Why is London’s most expensive street turning into a slum?

The London housing bubble: investment and speculation

London’s house prices have risen  because financiers and bankers, within and beyond London, have invested in London either to keep their money safe or speculatively expecting the market to pay good dividends.



With increasing demand for housing and a strong economy attracting people into it, the stable growth in London’s house prices has attracted and been pumped up by international investors, looking for a stable investment, in times of economics uncertainty. International investment from wealthy Europeans was prompted by the great western bank robbery, which started in 2007. The financial crisis affected many parts of the western world, and created economic and political insecurity and upheaval. Many western Europeans, who believed their money and assets to be unsafe, and fearing collapse of the Euro, responded by selling up and investing in London property. Large numbers of Greeks, Italians and French have all said to have resorted to buying into the London property market. Reuters news agency suggests that the so-called Arab Spring, which has turned out to be nothing more than an Arab Sprung, led to rich Arabs investing in London property. Furthemore Reuters reported in 2014 that, “Knight Frank, a specialist in upmarket properties, said it had seen online enquiries about British homes from crisis-hit countries such as Argentina, Ukraine and Turkey soar over the past year.”



Others of a more speculative bent invest in London housing because they believe it will pay rich dividends, perhaps far greater than many other things they can invest their money in. London’s financiers and bankers are speculating in London housing, forcing prices up further. The bubble grows and grows. Anticipating long-term growth, investors continue to plough money into London property, and in so doing fuel the bubble, that encourages others to invest. On the 4th March 2014, it was reported by Patrick Collinson of the Guardian that an investment company called London Central Portfolio aimed to purchase £100 million’s worth of 1 and 2 bed room flats in Mayfair and other areas of west London, based on the belief that by 2050 such flats will be sold for £36 million a piece. Hugh Best, LCP investment director, said: “The average price in prime central London is now £1.5m, and has been growing at 9% a year, which we think is firmly sustainable. They have been growing at that level for 40 years and we see no reason for that to change.”

Foreign investors, who do not want to live in London, and who may have never been to London also speculate. The appetite of foreigners for speculation in the London housing market is by itself prompting developments costing billions of pounds, many of which are being funded by foreign developers. At the beginning of 2013 the majority of buyers of 866 luxury apartments planned for Battersea Power Station by a Malaysian developer were foreign, with Singaporeans taking more than any other foreigner type. In 2013 estate agents selling flats in Elephant and Castle targeted investors in South-East Asia. Far eastern businessmen own most of the property around Canary Wharf and Limehouse. Vantage Properties, an estate agent in Canary Wharf, have offices in Hong Kong and Shanghai and employ many Chinese staff.It has been suggested that in the not too distant future the plan of the Chinese government to liberalise hedge funds, is likely to result in a wave of investment from China into London’s property market.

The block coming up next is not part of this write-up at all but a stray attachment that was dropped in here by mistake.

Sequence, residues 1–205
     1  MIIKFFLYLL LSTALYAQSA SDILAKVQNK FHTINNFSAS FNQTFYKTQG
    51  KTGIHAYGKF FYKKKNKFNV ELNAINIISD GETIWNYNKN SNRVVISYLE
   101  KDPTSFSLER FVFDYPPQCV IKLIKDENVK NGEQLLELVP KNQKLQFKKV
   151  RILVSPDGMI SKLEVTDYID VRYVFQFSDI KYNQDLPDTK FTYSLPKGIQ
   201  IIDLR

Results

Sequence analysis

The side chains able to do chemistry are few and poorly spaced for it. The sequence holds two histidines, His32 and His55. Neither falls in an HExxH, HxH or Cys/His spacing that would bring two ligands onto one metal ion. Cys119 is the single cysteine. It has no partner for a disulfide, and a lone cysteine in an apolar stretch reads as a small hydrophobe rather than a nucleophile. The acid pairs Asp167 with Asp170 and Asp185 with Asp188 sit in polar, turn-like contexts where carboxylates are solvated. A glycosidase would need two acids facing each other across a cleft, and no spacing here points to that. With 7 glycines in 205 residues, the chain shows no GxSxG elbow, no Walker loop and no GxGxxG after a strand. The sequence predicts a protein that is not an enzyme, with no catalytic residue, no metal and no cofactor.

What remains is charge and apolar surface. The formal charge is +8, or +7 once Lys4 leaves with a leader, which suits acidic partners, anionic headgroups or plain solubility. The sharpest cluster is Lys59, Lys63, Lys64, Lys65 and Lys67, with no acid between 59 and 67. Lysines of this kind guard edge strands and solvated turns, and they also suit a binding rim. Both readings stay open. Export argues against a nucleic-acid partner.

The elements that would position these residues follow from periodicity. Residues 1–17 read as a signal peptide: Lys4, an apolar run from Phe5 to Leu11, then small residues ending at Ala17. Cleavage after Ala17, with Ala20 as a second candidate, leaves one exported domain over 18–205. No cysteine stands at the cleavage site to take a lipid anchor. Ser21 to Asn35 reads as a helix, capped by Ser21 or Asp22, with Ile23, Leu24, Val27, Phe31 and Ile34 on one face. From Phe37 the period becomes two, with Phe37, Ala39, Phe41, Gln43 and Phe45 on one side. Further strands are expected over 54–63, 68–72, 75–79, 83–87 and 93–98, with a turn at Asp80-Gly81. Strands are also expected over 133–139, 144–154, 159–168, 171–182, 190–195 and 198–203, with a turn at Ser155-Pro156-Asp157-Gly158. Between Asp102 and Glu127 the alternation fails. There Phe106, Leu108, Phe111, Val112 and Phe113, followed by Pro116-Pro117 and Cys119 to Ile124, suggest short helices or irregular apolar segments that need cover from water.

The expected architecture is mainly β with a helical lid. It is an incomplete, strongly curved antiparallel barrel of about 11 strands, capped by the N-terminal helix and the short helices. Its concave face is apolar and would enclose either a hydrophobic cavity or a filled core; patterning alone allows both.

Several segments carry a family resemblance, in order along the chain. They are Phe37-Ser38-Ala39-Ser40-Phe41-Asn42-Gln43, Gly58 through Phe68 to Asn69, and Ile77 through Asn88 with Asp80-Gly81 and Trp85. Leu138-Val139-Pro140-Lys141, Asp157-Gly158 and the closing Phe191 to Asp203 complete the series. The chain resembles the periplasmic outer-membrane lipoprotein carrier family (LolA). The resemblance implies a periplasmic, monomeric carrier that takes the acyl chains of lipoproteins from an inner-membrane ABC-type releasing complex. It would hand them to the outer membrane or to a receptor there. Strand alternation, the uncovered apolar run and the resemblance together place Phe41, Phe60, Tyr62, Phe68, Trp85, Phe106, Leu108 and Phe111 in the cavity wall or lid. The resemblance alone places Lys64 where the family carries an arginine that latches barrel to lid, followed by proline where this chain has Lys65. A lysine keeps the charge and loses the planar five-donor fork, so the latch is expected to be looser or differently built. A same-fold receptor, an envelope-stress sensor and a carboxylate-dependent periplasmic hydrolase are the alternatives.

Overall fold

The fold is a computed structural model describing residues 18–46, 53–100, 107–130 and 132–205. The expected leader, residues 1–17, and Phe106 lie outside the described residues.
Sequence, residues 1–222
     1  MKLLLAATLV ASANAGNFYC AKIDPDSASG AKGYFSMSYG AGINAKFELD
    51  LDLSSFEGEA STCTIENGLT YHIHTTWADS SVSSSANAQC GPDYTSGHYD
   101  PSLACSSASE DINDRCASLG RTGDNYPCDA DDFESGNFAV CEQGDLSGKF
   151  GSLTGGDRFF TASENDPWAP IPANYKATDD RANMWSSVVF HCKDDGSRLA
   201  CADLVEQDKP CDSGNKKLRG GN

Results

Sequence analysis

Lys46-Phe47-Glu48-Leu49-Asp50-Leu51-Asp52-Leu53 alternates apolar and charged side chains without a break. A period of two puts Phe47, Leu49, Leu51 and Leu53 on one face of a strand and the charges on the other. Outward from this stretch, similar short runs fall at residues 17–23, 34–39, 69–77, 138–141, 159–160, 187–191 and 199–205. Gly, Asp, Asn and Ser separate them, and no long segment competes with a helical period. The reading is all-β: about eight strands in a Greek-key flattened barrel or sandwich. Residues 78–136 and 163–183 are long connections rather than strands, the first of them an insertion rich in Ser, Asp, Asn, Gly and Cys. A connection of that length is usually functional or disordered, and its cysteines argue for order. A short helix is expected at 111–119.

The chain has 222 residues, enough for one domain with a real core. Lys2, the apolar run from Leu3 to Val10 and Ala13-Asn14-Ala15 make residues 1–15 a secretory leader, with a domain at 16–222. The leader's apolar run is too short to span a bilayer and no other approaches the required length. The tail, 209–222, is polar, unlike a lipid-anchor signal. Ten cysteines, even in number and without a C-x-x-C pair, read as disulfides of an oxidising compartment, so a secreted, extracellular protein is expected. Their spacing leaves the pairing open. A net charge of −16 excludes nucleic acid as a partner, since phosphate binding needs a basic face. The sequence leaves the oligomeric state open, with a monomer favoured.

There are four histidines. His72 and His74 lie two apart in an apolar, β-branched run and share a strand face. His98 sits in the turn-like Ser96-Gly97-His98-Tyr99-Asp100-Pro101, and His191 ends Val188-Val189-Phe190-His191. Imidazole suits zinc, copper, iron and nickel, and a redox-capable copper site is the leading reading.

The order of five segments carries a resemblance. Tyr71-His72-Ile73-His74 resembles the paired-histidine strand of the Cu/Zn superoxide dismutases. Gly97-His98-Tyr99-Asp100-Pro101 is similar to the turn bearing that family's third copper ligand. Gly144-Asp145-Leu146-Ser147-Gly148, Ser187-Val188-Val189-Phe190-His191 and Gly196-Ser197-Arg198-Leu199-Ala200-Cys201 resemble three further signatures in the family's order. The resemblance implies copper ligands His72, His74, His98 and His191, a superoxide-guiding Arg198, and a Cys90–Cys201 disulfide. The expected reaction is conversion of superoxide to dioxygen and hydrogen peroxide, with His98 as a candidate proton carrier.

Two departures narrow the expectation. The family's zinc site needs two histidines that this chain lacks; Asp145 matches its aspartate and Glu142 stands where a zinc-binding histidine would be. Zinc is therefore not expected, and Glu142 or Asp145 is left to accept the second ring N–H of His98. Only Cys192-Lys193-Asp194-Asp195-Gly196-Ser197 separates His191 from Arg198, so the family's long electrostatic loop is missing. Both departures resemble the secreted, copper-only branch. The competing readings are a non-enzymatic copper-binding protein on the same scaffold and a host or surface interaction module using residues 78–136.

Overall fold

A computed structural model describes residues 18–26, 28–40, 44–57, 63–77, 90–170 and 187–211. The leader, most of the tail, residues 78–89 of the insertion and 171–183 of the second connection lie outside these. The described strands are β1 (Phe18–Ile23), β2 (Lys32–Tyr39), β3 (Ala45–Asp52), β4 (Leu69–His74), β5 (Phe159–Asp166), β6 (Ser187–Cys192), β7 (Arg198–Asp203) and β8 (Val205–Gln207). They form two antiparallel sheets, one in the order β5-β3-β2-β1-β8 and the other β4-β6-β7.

Speculation and foreign investment in London housing has been encouraged by successive British governments. Unlike in many other countries foreigners can invest in London property, without having to pay tax on the income that they generate outside of the United Kingdom. This makes London a less expensive capital city to stay in, than other comparable western European capitals. Furthermore successive governments have resisted building social housing on a large scale, to provide decent homes for London’s poorest, instead preferring to pump state money into banks, so the banks can provide mortgages, helping increase the relative wealth of home owners.

The consequence of people investing in housing in London purely to park their wealth and/or to speculate, assuming that prices will continue to increase, is that some are not interested in renting the property out, but prefer to leave those properties empty. Several mansions on The Bishops Avenue in Hampstead have been kept empy for some years. In this way then investment and speculation in the London housing market works to literally hollow out London’s housing, and make in uninhabitable and off-limits for those who live and work in London, essentially reducing the housing stock available, and in some senses is equivalent to bull-dozing the properties. The effect is to lower the housing stock, which those who work and live in London compete for, and driving up prices. Furthermore those properties which are left empty are beginning to fall into a state of disrepeair. Of the mansions on The Bishops Avenue in Hampstead, which have been kept empy for years, trees, plants and mould are regaining what the builders had once taken. The consequence, perversely, is that one of the most expensive streets in London is turning into a mini-slum.

This hollowing out of London can be seen as another way in which the world’s rich, most of whom have gained their money through tax avoidance, corruption and cronyism, seek to tighten the screw on working class people.


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